Last updated on Monday 28th of February 2022 08:52:48 PM

©VMWare Backup - What type of storage to use: local disks, NFS or iSCSI

 Please note that this post is relative to old deprecated software ©XSIBackup-Classic. Some facts herein contained may still be applicable to more recent versions though.

For new instalations please use new ©XSIBackup which is far more advanced than ©XSIBackup-Classic.

If you are an ©ESXi user, you've probably come across this two questions a number of times:

• What is the best type of datastore I can use?.
• Are there any especial considerations to take on account when using a datastore to backup VMs to?

©ESXi offers basically three ways to set up datastores: local disks, NFS and iSCSI. There is a much wider range of real possibilities, as this three categories comprise many different hardware options and technologies. As the different number of possible combinations is almost endless, we'll fix some variables and limit our scenario to local SATA disks, gigabit Intel NICS and NAS devices, such as QNap or Synology (decent switches are a must to be able to reach speeds close to the NIC's theoretical limit). From this limited set of resources, you'll be able to extrapolate more complex scenarios, up to some point.

By choosing NFS or iSCSI, you are limiting your speed to the NIC's limits. You now may think loud: "I can use multipathing". Yes, of course, but multipathing will not offer you the same real speed as a local disk array and depending on the type of multipathing/ port trunking you use, each file will most of the times be sent through one NIC. Parallelizing data transfers across multiple NICs is great when you have a lot of smaller files, but might be useless when transferring huge monolithic files. Of course, the real advantage of multipathing is being able to run multiple VMs, taking advantage of an extended throughput. But copying files out of your datastore or ©ESXi host is something different.

Local disks

Let's start by analyzing use of local storage media. We have constrained ourselves to simple SATA, but you may improve the speed to your local disks by using some more powerful technologies, like: Arrays, SSD, SAS, FC, etc... This will be the fastest price to speed ratio option among all commented above. Thus, using local disks is the recommended way to mount a datastore. NAS devices will be a great asset if we can renounce to speed in sake of placing our data somewhere outside the server. Using a NAS server which is physically placed by the ©ESXi server is useless, if this is your case, just use an eSATA enclosure directly connected to your SATA controller, and you will improve your backup speed and save money at the same time.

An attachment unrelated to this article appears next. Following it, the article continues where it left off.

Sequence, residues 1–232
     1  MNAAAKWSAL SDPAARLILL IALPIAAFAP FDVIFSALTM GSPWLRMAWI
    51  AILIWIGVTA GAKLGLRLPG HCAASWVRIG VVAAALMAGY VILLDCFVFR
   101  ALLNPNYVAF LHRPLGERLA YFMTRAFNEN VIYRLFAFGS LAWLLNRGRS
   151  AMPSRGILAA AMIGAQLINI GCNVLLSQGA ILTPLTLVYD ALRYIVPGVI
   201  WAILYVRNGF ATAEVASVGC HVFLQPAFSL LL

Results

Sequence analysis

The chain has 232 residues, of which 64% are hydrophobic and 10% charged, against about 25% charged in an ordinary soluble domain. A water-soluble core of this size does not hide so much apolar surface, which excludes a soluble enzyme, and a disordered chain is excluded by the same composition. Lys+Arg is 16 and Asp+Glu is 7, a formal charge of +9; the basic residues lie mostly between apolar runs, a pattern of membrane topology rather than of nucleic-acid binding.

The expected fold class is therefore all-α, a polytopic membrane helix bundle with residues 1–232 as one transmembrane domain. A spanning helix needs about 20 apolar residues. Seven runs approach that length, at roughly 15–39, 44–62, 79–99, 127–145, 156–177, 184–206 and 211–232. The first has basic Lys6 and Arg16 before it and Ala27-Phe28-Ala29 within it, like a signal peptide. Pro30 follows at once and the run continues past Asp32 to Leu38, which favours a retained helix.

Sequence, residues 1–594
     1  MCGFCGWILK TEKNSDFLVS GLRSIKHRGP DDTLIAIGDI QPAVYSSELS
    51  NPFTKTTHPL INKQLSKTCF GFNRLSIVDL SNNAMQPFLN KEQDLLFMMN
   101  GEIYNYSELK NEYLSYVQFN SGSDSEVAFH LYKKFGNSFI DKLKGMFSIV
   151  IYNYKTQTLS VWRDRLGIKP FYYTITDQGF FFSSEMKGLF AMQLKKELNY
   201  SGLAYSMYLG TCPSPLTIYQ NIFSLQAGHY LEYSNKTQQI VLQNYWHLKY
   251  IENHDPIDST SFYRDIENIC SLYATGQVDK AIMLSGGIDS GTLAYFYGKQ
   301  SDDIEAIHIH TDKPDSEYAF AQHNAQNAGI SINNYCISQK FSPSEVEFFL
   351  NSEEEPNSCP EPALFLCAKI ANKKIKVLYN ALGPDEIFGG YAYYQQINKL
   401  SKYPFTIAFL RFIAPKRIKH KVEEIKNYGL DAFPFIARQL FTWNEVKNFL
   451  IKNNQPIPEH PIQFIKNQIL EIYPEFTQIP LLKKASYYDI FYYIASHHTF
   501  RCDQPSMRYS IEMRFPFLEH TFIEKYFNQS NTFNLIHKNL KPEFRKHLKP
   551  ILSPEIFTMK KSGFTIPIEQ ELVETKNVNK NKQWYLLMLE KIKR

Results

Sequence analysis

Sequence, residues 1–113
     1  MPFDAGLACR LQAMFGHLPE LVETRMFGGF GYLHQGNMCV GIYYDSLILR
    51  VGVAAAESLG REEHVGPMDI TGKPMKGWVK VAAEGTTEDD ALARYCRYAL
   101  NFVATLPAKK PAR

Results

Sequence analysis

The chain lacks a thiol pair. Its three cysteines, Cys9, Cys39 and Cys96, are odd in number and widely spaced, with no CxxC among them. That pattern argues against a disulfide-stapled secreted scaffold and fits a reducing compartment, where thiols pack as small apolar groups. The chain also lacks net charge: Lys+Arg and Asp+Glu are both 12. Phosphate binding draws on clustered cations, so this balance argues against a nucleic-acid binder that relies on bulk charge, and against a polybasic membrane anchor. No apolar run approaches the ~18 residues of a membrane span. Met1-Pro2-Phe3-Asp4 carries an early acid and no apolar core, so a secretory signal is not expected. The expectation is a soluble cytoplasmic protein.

NFS is the fastest data transfer protocol available in ©ESXi. NFS 4.1 allows multipathing, but not all NAS devices support it at the time of writing this, and, as explained above, will not improve backup speed in a one to one copy scenario. Multipathing is great, and a must when you have multiple VMs running in a NAS device, but as stated before we are focusing on a different task: backing up the VMs, so forget about multipathing, it won't offer you aggregated speed for backups.

The downside of NFS is that you cannot format it as VMFS, NFS links will use the filesystem present at the NAS device disks. This has some advantages too, as common filesystems, such as ext3, ext4, vFAT, BTRFS, etc... have a huge number of available inodes, which is in turn a great asset to XSITools and deduplication, but it's not that good when you perform © OneDiff backups, as the Trivial Check that it performs upon VM backup will loose the ability to do one of the matching tests on the .vmdk disks: used size matching. You can always perform a full hash check on the disks by means of the --certify-backup argument, but that will take longer. If you can perform OneDiff backups to VMFS volumes, you will achieve a great degree of certainty with a quick check (Trivial Check).


iSCSI is a protocol that allows you to mount remote disks as if they were local to your server, so it sees them as block devices. This is awesome, but as everything in life, just as long as you know how to take advantage of it. iSCSI works through the network, so it will add an additional latency in comparison to using a local SATA disk. You can take advantage of mutipathing, it will be of little help for backups though, but it has an advantage: it will allow you to format the mounted volume as a VMFS device.

So, you should choose your datastore type taking on account the pros and cons of each technology to best suit your needs. If you want a datastore to perform backups, local disks will be the best option for full backups and OneDiff backups, NFS will be the fastest protocol to use with XSITools, whereas iSCSI can be a way to be able to use VMFS formatted volumes and at the same time keep the storage devices separated from the ©ESXi host/s through a 1 gigabit or 10 gigabit network.

Full backup OneDiff XSITools
Local HD  

Daniel J. García Fidalgo